What are the Penalties in New Jersey for Drunk and Drugged Driving?

New Jersey has some of the toughest drunk driving penalties in the country. The severity of the consequence will depend on the seriousness of the offense, and whether the driver is a first-time or repeat offender. Effective December 1, 2019, a DUI/DWI law went into effect in New Jersey that requires all motorists convicted of a DUI to install an IID. The following provides a closer look at the specific penalties and charges that New Jersey motorists will face for a DUI/DWI conviction:

First offense: The consequences for a first offense will depend on the driver’s degree of intoxication. If the motorist had a BAC of 0.08 – 0.09 (Tier 1), consequences may include the following:

  • Suspension of motorist’s license until an IID is installed
  • Mandatory IID for minimum of three months
  • Possible jail time of no more than 30 days
  • Participation in the Intoxicated Driver Resource Center (IDRC) prevention program for 12 to 48 hours
  • Fines and fees

Motorists with a BAC of 0.10 to 0.14 (Tier II) may face the following consequences:

  • License suspension until the IID is installed
  • Mandatory IID for the required three months, as well as an additional nine to 15 months after the motorist’s license has been restored
  • Participation in the IRDC prevention program for 12 to 48 hours
  • Possible prison term of up to 30 days
  • Fines and fees

Motorists with a BAC of 0.15 or higher (Tier III) face the following consequences:

  • Mandatory license suspension of up to six months
  • Mandatory IID for the required three months, and for an additional nine to 15 months following license restoration
  • Participation in the IDRC prevention program for 12 to 48 hours
  • Possible jail time of up to 30 days
  • Fines and fees

All first-time DUI offenders are subjected to the following mandatory charges:

  • Fine of up to $500
  • DWI surcharge of $125
  • Up to $33 in court fees
  • $50 to the Victims of Crime Compensation (VCCO)
  • $100 to the AERF
  • $100 to a drunk driving fund
  • $1,000 annual automobile insurance surcharge for three years
  • $75 to the Neighborhood Services Fund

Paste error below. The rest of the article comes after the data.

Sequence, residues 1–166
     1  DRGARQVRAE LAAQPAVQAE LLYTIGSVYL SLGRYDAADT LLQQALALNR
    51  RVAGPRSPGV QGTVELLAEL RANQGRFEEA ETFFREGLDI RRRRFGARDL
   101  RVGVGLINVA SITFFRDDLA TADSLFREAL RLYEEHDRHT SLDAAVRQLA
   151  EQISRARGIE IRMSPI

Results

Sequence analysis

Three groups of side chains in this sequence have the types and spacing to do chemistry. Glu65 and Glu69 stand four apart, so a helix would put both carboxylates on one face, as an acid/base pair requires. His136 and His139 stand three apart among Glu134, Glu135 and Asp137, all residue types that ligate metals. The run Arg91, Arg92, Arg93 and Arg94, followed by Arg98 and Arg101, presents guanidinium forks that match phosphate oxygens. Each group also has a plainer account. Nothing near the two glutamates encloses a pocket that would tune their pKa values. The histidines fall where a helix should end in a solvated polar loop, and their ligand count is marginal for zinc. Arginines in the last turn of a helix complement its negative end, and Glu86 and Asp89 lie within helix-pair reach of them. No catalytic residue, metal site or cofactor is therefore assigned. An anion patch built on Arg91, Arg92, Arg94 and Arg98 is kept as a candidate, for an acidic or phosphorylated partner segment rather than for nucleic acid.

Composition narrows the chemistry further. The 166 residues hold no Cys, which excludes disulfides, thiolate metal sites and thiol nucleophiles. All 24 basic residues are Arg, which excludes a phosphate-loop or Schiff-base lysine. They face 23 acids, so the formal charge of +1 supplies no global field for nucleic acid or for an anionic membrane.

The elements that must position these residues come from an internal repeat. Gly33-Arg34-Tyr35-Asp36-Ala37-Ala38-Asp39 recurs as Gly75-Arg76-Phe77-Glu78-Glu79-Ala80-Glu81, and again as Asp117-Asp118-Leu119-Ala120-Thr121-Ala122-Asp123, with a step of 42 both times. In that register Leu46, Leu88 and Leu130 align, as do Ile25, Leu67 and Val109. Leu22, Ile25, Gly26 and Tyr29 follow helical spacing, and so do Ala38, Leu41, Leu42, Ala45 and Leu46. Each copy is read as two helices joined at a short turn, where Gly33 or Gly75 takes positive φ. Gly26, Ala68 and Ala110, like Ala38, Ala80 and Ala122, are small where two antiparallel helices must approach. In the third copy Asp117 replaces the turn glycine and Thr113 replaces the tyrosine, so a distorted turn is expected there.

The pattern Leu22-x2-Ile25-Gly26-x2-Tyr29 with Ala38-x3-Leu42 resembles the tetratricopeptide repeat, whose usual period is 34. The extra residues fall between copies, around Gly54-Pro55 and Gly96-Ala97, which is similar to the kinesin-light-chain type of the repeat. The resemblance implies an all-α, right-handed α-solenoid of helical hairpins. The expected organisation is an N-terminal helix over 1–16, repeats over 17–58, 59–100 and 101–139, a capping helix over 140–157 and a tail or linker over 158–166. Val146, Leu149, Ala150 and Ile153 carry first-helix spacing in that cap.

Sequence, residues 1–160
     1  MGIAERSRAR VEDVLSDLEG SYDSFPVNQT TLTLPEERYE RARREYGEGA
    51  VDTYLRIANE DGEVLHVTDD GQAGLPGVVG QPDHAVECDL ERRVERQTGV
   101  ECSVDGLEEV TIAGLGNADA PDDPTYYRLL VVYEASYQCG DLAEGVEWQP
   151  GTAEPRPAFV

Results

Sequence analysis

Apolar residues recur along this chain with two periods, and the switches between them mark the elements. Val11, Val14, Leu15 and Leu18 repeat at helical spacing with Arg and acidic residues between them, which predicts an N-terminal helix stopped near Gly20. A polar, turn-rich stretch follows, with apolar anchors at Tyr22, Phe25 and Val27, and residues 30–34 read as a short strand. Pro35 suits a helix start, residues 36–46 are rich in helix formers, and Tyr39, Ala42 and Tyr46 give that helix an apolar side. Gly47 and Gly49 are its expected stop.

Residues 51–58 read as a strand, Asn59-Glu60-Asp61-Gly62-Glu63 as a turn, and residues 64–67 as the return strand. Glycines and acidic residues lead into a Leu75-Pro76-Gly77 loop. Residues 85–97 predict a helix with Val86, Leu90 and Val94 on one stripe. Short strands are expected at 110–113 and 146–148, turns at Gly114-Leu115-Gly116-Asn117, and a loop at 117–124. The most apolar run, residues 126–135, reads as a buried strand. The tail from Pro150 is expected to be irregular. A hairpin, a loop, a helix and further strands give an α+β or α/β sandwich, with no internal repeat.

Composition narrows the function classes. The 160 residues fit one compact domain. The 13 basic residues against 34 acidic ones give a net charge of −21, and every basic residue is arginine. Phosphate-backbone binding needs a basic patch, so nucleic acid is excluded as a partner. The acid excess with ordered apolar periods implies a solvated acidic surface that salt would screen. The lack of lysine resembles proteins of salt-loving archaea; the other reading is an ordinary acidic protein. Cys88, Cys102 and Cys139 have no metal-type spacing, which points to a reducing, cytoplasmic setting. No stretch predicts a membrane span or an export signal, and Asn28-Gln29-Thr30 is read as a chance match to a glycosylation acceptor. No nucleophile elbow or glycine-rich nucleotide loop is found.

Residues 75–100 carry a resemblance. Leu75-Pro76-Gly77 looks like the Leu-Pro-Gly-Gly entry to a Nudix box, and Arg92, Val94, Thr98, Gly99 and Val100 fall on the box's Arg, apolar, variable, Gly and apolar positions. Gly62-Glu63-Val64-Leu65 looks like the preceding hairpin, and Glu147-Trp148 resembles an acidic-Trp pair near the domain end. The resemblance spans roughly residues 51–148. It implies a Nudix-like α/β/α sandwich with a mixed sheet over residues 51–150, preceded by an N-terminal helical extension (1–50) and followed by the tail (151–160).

Motorists who are convicted of a DUI/DWI in a school zone are subjected to additional fines of up to $800 and an additional 60 days of jail time. Driving privileges will also be suspended for one to two years.

Second offense: If a motorist is convicted of a second DWI/DUI offense within 10 years of a previous conviction, it is considered a repeat offense. These often carry stiffer penalties, including the following:

  • Mandatory license suspension for up to two years
  • Thirty days of community service
  • Mandatory IID for an additional two to four years following the license restoration
  • Participate in IDRC for up to 48 hours
  • Prison term of up to 90 days
  • Fines and fees

Motorists with a second offense are also subjected to the following fees:

  • Fine of up to $1,000
  • $125 DWI surcharge
  • Court fees of up to $33
  • $50 to the VCCO
  • $280 IDRC fee
  • $100 to a drunk driving fund
  • $100 to the AERF
  • $3,000 in automobile insurance surcharges over a three-year period
  • $75 to the Neighborhood Services Fund

Third offense: Three or more DUI/DWI convictions within 10 years of a second conviction carry the most severe penalties, including the following:

  • Up to a 10-year license suspension
  • Prison term of 180 days
  • Ninety days of community service
  • Mandatory IID for up to four years following license restoration
  • Fines and fees

A third DWI/DUI offense also comes with the following mandatory fees:

  • Fine of $1,000
  • $125 DWI surcharge
  • Court fees of up to $33
  • $50 to the VCCO
  • $280 IDRC fee
  • $100 to a drunk driving fund
  • $100 to the AERF
  • $4,500 in automobile insurance surcharges over a three-year period
  • $75 to the Neighborhood Services Fund

Although the courts may impose the minimum penalties required by law, there are factors that may work in the defendant’s favor, resulting in a less severe punishment. Examples include the following:

  • Good driving record
  • Positive, respectful interaction with the police officers involved
  • Low breathalyzer reading
  • Rehabilitation efforts
  • The adverse effect that the penalty would have on the defendant’s employment and family

Can I Be Arrested for Taking Prescription Drugs?